Friday, April 22, 2011

every camera I own: the dick tracy 127

A gift from V.
The Dick Tracy camera was produced around 1947. There are several other bakelite cameras that look just like this, like the MajesticPickwick, and Falcon, but have different face plates - one of the keenest variations on this model is the  Brenda Starr  camera. I can't figure out what the ur-brand is of this camera but "Seymore Products Co.", as well as Falcon, originate in Chicago. This is essentially a half-frame camera - it makes sixteen images on a roll of  8-exposure 127 film.  There are two frame-windows on the back; I've been careful to tape up the frame windows to prevent light leaks, and I only peel back the tape when advancing film.

A full-frame 127 exposure produces a somewhat larger negative than 35mm film.  I sometimes see 127 referred to as medium format, but I don't know about that. If 35mm is bantamweight (like the Kodak Bantam, whose 828 film spools are similar in size to 35mm), then 127 is welterweight, but middleweight does not weigh in until you get to 120. Still, I am throwing around boxing weight classes with only a passing (read: I looked them up on Wikipedia) knowledge of them. Go ahead, call it medium format if you want; lives do not depend upon it.

You might think 127 is a long obsolete film format.  Kodak did stop manufacturing it in the 90's,  but this welterweight gauge is in fact still in production from companies like Efke,  Blue Murano, and even Rollei. The august German manufacturer introduced black and white 127 stocks just a few years ago, perhaps tailored to the legacy of their Baby Rolleiflex, a less expensive alternative to its even more prized medium-format big brother.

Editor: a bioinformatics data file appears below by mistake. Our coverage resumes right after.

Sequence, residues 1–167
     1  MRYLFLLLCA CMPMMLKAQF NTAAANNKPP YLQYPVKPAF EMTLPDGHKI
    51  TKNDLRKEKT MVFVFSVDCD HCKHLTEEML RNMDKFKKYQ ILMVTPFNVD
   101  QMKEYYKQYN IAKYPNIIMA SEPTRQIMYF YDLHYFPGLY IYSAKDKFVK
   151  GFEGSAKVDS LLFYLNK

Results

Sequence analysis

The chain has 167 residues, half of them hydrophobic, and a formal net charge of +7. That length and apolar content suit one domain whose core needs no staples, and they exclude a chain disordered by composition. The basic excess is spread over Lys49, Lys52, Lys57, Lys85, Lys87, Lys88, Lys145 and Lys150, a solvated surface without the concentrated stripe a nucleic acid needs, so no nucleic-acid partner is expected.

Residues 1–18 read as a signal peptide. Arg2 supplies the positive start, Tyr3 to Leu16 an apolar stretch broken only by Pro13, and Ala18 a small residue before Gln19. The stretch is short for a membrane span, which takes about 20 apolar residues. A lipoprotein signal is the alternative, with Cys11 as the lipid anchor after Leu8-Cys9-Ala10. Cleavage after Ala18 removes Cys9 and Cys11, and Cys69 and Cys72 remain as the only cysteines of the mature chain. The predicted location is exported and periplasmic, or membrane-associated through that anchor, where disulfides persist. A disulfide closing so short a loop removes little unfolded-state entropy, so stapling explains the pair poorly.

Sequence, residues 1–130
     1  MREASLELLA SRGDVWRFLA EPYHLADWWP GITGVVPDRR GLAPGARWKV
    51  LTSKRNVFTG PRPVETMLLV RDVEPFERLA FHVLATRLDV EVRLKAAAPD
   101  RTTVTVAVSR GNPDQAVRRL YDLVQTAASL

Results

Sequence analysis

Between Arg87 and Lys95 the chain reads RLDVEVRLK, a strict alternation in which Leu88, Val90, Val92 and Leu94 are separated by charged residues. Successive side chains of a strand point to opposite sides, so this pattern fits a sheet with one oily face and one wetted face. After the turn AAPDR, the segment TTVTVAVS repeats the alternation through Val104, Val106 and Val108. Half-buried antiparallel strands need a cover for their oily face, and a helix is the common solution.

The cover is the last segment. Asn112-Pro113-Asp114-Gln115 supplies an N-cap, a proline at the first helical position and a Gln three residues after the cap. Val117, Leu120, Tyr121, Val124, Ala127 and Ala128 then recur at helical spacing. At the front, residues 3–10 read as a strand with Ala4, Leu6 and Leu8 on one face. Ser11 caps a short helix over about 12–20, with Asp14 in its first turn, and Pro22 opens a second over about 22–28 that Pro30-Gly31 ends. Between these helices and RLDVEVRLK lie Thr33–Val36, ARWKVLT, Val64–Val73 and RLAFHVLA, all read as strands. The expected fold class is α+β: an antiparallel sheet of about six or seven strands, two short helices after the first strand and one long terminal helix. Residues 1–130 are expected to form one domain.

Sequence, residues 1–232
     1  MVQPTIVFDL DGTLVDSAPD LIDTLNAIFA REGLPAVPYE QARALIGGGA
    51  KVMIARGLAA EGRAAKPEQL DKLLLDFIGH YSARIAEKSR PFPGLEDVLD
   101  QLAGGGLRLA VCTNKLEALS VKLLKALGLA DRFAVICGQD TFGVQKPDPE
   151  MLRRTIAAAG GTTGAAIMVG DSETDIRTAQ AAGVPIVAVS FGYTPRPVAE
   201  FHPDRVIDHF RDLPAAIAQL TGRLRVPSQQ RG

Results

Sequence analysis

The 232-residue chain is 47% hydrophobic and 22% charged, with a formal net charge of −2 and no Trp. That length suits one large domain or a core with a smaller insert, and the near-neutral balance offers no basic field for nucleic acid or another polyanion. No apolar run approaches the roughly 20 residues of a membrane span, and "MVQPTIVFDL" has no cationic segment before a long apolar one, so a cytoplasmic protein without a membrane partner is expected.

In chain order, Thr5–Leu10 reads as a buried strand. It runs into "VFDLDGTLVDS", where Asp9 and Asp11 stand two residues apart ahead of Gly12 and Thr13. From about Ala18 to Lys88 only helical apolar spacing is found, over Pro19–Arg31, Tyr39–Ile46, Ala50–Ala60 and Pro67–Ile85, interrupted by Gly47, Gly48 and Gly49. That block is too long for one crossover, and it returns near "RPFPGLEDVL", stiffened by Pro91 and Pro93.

I've used some of these new 127 stocks with this camera before.This is the lovely Bluefire Murano - note the minor light leak at the top of the frame:

I have fresh(-ish) Bluefire Murano stock at hand, but as is my wont I used an eBay acquisition of long-expired (ca. 1961) Verichrome Pan. And it turned out fine, if a little wanting in contrast after all these years. This Midas franchise is Winchester, VA:

A small park in my neighborhood. The backing paper bled through a bit here. I was inclined to thank the camera for the fact that there are no details here that would make you think this image was made in 2011, but maybe a sharper image would not have revealed the times. Or are those rooftop spikes antennae?

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